Posted by Process Control Team on 25 Jul 2017
Mixing high- and medium-pressure fittings or incompatible parts makes systems unstable, inefficient and potentially dangerous. At worst, it can cause a potentially fatal explosion.
At Parker, we’re all about making our products safe as possible and helping customers to minimise risk. Safety doesn’t happen by accident, so you need to know how to avoid the risk and what to do if you come across a mixed-pressure connection that could be hazardous.Dangerous connections
Our engineers have recently come across situations where customers have created system connections using components with different pressure ratings. These instances are rare, but they can and do happen; creating unnecessary risks for everyone using the system.
If a Medium pressure tube is machined with High pressure tooling, this reduces the wall thickness below safe limits, and can lead to catastrophic failure. Similarly, combining a High pressure fitting with a Medium pressure tube means the male and female connections will not fit correctly. It may seem like the threads match, but the gland nuts will not engage to the required depth for the system to remain safe. The mechanical properties of the metals used in High and Medium pressure fittings are very different, meaning medium pressure units cannot withstand the application of high pressure.
Different pressure-rated fittings just don’t mix, and there’s no safe way to combine Medium and High pressure elements. Mixing different types of connections, product lines or parts from different manufacturers is also dangerous and removes any warranties.
Remember, just because something "can be done", doesn't mean that it "should be done"!How it happens
The diagram below shows how the positions of collars and glands are different, depending on the pressure of the connection.
Fig. 1. The difference in positions of collars and glands in medium and high pressure connections.Avoiding and reducing risk
We recommend that you never mix together:
All Parker Autoclave Engineers fittings carry our manufacturer’s name, part number, material, heat code and maximum pressure rating. We also make it easy to distinguish between different pressure ranges by clear notch markings on High pressure nuts.
Parker Instrumentation Products Division provides specialist SBEx (Small Bore Expert) safety training on correct and safe assembly of instrument connections to improve safety and skills across the engineering sector. For further support you can contact your local Parker Instrumentation Products distributor or visit our website.
Fig. 2. Notch marking on Parker Autoclave Engineer's High pressure fitting nuts provides differentiation from Parker's other pressure fittings.Making a safe connection
If you need to assemble Medium pressure with High pressure in one system, we recommend the use of Parker adapters. For safety reasons, the Maximum Allowable Working Pressure (MAWP) rating is based on the lowest rating of any component (Maximum 20,000 psi).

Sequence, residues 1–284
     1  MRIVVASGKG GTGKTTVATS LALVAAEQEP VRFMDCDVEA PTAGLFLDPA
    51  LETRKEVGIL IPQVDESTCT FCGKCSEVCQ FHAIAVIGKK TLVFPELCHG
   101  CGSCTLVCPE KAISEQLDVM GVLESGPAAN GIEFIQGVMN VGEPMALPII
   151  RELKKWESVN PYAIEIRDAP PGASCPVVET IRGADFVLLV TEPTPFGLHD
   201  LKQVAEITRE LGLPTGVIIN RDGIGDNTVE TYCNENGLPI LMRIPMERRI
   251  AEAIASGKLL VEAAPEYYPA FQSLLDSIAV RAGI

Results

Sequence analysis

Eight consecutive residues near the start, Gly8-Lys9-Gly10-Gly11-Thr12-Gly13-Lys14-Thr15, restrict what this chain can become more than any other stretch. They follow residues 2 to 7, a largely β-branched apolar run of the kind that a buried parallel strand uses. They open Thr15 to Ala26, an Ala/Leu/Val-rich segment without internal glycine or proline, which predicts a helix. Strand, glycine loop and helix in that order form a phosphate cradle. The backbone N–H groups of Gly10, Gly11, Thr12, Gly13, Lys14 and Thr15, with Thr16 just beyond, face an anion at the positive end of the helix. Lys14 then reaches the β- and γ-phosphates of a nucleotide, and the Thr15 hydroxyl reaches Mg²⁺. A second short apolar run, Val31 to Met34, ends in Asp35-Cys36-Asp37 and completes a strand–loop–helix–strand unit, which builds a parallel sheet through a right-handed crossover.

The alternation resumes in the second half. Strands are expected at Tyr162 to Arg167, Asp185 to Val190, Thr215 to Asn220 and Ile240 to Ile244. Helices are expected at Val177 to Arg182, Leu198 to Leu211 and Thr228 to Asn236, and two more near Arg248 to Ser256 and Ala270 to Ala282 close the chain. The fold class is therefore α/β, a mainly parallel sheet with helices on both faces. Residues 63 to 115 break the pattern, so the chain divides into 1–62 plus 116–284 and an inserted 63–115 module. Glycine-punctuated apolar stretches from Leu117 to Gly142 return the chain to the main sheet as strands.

Fig 3. Male-to-male medium-pressure to high-pressure adapter.
The second adapter (Fig. 4) overcomes the problem of the final rotational position not being predictable, making it safe and practical to use when positioning elbow/tee fittings and valves.
Fig. 4. Male-to-male adapter.
If you come across a mixed-pressure arrangement, you should immediately isolate, remove and replace it with a proper connection using matching and compatible Parker parts. Otherwise, there is a real risk of failure or burst that could lead to catastrophic failure, resulting in injury or death.
Learn more about Parker Autoclave Engineers range of fittings and tubing suitable for low, medium and high pressure applications:
Article contributed by Franck Grignola, product manager EMEA - high pressure, Instrumentation Products Division Europe.
Securing leak-free connection of impulse lines to manifolds for applications that use differential pressure flowmeters is a subject that has taxed instrumentation engineers for more than a century. Back in 1910, when the very first orifice plate installations made an appearance, they involved 33 connections and 16 lengths of tubing! Thanks to the development of highly integrated manifolds, today’s installations often only require just two tube connections. However, ensuring the long-term integrity of these connections remains a contentious issue.
The first manifolds on the market used NPT taper threads for their tube connections. Despite being the bane of installers’ lives, this type of technology continues to enjoy widespread use today, with most manifold manufacturers still offering it as an option. But much better tube connector technologies are now available.What’s wrong with taper threads?
Unlike compression type tube fittings with one or more ferrules, taper thread fittings rely on the threads themselves to provide the seal. During make-up, progressively larger diameter threads on the fitting are compressed into progressively small diameter threads on the manifold, until eventually there is no clearance left between the crests and roots of the threads and they effectively form a metal-to-metal seal.